Cold soups make for a delicious
meal—any time of day
By Laura Langston
IT’S SUMMER and the soup’s on. No, that’s not a
contradiction in terms. Not if we’re talking about
Cold summer soups are refreshing, nutritious
and easy. Most require little (if any) cooking and can
be whipped up quickly in a blender or food processor. They benefit from being prepared ahead, either
the night before they’re needed or early in the day
when the kitchen is still cool. While cold soups are
often featured as an appetizer or dessert (even as
breakfast in some Scandinavian countries), they can
be a mainstay around which to build a summer
meal. Add a loaf of good bread, a wedge of cheese, a
bottle of wine and some fruit for dessert, and head
for the patio table.
To prepare a cold soup that’s ready immediately,
chill your ingredients first—even canned items and
ready-made broth. Never add ice to soups. It not only
dilutes the flavor but reduces the nutritional value.
Chilled soups can be appealingly coarse like a
Spanish gazpacho or velvety smooth like a vichyssoise. For a thicker soup, use the chop setting on
your food processor and process for a short time.
THIS RECIPE RESULTS in a finely chopped soup;
using a lower setting on the food processor will
keep the ingredients chunky.
3 cups V8 juice
¼ cup lemon juice
2 cloves garlic, peeled
5 ripe tomatoes,
1 carrot, peeled and
1 small onion,
1 cucumber, peeled
1 green pepper, seeded
¼ cup fresh parsley
¼ cup fresh basil or
¼ cup olive oil
1 small jalapeño
1 teaspoon salt
or to taste
pepper or to taste
Processing longer on the liquefy setting will result in
a thinner soup.
Cold muffles flavor; many sources recommend
ramping up spicing for cold soups. However, when
cold soup goes into the fridge (a great way to let
those flavors blend), spices tend to become more
pronounced. A good rule of thumb: Start with a
moderate amount of spicing and adjust the flavor
Unless you have pre-chilled your ingredients,
chill the soup for two to 12 hours. Check the consistency before serving: Cold soups sometimes thicken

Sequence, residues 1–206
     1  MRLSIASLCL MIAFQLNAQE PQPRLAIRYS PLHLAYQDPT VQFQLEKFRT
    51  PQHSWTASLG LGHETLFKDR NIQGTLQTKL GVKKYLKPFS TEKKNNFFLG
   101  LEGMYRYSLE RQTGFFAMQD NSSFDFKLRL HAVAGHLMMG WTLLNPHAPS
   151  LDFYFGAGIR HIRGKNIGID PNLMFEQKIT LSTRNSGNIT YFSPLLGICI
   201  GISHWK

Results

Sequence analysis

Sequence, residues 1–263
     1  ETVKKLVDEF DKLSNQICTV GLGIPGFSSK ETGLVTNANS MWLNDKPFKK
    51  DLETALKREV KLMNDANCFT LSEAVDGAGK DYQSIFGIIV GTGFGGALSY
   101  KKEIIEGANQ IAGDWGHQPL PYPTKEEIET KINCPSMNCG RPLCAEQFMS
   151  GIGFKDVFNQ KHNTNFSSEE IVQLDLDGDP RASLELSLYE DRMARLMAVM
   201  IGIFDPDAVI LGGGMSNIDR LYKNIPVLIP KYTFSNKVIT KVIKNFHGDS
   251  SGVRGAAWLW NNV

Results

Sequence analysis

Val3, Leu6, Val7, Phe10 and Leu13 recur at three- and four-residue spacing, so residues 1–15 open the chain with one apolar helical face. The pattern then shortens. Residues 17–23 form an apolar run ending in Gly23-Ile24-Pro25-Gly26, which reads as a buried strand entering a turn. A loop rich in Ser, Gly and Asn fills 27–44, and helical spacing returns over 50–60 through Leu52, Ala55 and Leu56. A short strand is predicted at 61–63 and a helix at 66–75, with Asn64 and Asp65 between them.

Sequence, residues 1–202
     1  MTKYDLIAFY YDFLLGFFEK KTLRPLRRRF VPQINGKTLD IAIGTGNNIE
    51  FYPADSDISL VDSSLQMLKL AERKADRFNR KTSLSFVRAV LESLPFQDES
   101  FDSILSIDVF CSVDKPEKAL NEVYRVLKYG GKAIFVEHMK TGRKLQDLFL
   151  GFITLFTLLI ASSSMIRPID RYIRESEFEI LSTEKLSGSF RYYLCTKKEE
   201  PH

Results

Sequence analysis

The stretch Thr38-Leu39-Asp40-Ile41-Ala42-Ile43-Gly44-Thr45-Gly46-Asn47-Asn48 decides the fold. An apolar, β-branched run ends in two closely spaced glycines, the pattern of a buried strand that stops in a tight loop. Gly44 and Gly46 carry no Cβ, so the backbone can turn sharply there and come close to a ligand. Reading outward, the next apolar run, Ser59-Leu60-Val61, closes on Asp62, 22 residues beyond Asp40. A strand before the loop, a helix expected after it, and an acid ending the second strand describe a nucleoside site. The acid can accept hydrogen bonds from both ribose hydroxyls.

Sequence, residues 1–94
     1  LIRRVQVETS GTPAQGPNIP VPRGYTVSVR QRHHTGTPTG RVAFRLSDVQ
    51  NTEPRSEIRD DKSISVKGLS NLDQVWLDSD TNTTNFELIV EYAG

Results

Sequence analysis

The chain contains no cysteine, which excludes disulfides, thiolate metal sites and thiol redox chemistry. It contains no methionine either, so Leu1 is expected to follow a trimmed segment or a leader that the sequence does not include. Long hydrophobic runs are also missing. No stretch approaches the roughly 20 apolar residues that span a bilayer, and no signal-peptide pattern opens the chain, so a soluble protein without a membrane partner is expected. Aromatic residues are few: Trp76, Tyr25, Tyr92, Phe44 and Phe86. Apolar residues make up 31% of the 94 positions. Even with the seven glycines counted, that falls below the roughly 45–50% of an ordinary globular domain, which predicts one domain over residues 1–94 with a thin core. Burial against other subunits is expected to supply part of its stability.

as they chill. If needed, adjust overly thick soups
with some of the liquid used in the recipe.
Always pre-chill your serving bowls; allow 10 minutes in the freezer or 30 minutes in the refrigerator.
Finally, don’t forget to garnish. Let imagination
and taste be your guide—try crunchy croutons or
tortilla strips, minced herbs or edible flowers, or a
dollop of sour cream. C
Journalist-turned-novelist Laura Langston lives with
her family in Victoria, British Columbia.
PHOTOS BY LAURA LANGSTON
THE LIME JUICE adds a
nice zing and helps retain
the brilliant green color.
Though the soup can be
refrigerated for several
days, for the best color
retention serve within a
4 ripe avocados
( 1¼ cups), peeled,
pitted and chopped
½ cup lime juice
2 green onions, white
¼ cup cilantro (leaves only,
1 ½ cups sour cream
(nonfat is fine)
3 cups chicken stock
1 ½ teaspoons salt
1 to 2 teaspoons
In a food processor, purée
avocado, lime juice,
green onions and cilantro.
Add sour cream and
Pour into a large bowl.
Blend in chicken stock,
salt and Tabasco sauce.
Refrigerate for a minimum
of 2 hours before serving
(unless ingredients are
cold to start).
Adjust seasonings and
check consistency. If it’s
too thick, add a little
Garnish with sour cream,
cilantro or tortilla chips.
Makes 8 cups.
In a food processor, combine 1 cup V8 juice,
lemon juice, garlic, 2 tomatoes and one-third of
the carrot, onion, cucumber, green pepper, parsley
and basil. Process, then pour into a large bowl.
Repeat the process, using 1 cup V8 juice, olive
oil, jalapeño pepper, 1 tomato and one-third of
the remaining vegetables.
Repeat the process, using the last cup of V8 juice
and the remaining tomato and vegetables.
Mix the three batches together. Add salt and
pepper to taste.
Refrigerate for at least 4 hours before serving.
Garnish with chopped cucumber or tomato,
croutons, slivered basil or a drizzle of olive oil.
Makes 8 cups.
* To easily peel tomatoes, drop in a pot of boiling water
for 1 to 2 minutes, until skin pulls back. Remove from
boiling water, peel and use.
Did you know?
The word “soup” originates
from the Middle English
word “sop”—a dish
originally consisting of
thick stew or soup soaked
up with pieces of bread.